After spending two days in Toronto, we took a MegaBus across the border Buffalo, NY, and spent the weekend in Western and Central New York. Along the way, we crossed more things off our bucket list.
Month: July 2018
Through this trip, we were able to check off a lot of things on our bucket list. They included visiting Toronto and seeing my CTY friends in New York. Overall, we had a wonderful trip and are looking forward to traveling with our son again soon.
There were two other things I think that we did well.
We started our East Coast Adventure last month by flying on West Jet to Toronto, Canada, where we spent two nights with our friends Tremor and Julia. (Tremor was in my macroeconomics class at Pomona College). What impressed me most while we were traveling from the airport and into downtown Toronto, where our friends live, was the skyline.
This is the second in a series about How We’re Making Car-Lite Work
Yesterday, I had to take Wilshire to the emergency room for stitches. The kid tripped and hit his eyebrow on a door at his daycare while racing to get to the potty. (We’d trained him the weekend before, so he was still a novice.) Wilshire’s battle scar was a superficial cut about a half-inch long right over his eyebrow that necessitated four stitches.
As many readers know, we only own one car. This means that we have all sorts of unwritten contingency plans on how we’d cope when we need to get somewhere quickly without a car. The situation gets thornier when there is a sick child, an unplanned doctor’s visit, and the parent who has to retrieve the child “green commuted” to work. It has been much easier to remain a one-car family in our area thanks to Lyft, Uber, bikeshare, and (most recently) dockless scooter-share. But as I’d covered in a prior blog post, those three options do not work when you have to transport another human or a lot of stuff.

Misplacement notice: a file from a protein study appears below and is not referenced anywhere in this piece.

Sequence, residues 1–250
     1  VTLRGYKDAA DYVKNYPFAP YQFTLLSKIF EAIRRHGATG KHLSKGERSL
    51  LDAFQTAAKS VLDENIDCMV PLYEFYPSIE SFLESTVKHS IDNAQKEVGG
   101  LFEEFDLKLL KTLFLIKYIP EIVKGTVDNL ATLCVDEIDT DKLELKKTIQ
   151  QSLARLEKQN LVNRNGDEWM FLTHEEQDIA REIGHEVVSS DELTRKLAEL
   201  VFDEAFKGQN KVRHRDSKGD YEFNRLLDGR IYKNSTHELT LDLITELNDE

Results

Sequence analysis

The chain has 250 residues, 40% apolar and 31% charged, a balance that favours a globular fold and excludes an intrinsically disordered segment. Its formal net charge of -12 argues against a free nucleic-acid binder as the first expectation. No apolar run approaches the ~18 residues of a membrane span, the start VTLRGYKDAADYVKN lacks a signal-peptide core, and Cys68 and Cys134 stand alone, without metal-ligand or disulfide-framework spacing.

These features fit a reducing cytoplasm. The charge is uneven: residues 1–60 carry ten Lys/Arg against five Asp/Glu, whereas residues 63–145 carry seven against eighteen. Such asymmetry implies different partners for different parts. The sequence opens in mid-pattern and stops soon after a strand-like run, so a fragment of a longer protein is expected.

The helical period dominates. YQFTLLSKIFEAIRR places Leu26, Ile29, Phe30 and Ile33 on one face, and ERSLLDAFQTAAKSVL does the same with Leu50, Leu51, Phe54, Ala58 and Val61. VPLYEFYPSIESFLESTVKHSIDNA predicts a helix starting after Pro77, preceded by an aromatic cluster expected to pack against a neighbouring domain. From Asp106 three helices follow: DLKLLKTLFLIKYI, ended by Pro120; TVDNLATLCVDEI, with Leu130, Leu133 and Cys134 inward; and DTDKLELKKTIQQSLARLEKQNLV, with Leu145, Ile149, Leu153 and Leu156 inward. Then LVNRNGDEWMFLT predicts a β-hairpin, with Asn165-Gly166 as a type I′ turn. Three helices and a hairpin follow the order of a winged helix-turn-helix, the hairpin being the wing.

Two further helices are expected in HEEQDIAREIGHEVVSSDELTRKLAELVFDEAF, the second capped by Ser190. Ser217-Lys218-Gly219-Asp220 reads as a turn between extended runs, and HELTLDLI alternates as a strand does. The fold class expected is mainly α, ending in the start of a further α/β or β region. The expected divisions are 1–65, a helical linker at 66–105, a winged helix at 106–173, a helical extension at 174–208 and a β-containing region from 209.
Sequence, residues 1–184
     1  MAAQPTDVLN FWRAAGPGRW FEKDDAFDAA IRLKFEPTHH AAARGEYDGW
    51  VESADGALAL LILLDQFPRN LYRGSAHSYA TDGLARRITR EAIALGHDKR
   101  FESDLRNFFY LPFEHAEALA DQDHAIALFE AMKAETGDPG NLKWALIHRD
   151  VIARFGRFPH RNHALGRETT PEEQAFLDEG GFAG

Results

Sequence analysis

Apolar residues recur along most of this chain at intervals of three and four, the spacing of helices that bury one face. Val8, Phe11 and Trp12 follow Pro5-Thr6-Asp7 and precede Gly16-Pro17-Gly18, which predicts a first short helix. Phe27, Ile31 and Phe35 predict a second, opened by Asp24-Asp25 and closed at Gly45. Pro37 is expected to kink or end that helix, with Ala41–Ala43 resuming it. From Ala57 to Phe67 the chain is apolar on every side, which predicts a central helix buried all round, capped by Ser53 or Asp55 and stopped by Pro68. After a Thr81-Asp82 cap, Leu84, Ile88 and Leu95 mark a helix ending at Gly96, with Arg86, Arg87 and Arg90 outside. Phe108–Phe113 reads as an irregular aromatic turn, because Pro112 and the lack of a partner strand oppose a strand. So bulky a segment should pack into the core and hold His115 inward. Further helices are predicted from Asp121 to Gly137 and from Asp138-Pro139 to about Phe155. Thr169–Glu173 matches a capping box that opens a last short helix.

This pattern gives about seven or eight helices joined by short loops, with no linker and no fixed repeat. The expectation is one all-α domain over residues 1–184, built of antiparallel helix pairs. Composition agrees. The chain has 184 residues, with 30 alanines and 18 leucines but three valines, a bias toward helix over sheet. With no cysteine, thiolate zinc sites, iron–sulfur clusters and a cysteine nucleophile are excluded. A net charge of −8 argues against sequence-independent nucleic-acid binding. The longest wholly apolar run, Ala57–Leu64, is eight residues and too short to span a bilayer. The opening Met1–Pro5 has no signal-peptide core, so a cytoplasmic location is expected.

In this particular situation, I wound up deciding to use my bicycle to transport my son to the ER. Here’s why:
This is part 1 of my multi-part series on how we’re making Car-Lite work in Santa Monica
Shortly before we left for our East Coast Adventure, the Santa Monica City Council approved a shared mobility pilot that rejected staff’s recommendation for a hard cap of just 2,500 scooters. There are already 2,500 Bird scooters alone on the streets of Santa Monica. Instead, the City will be setting up a “dynamic cap” based on utilization rates.
And with that, I took a great sigh of relief. Here’s why:
Over the past five months, I have been relying on Bird scooters to get from work to Wilshire’s daycare on time several times a week.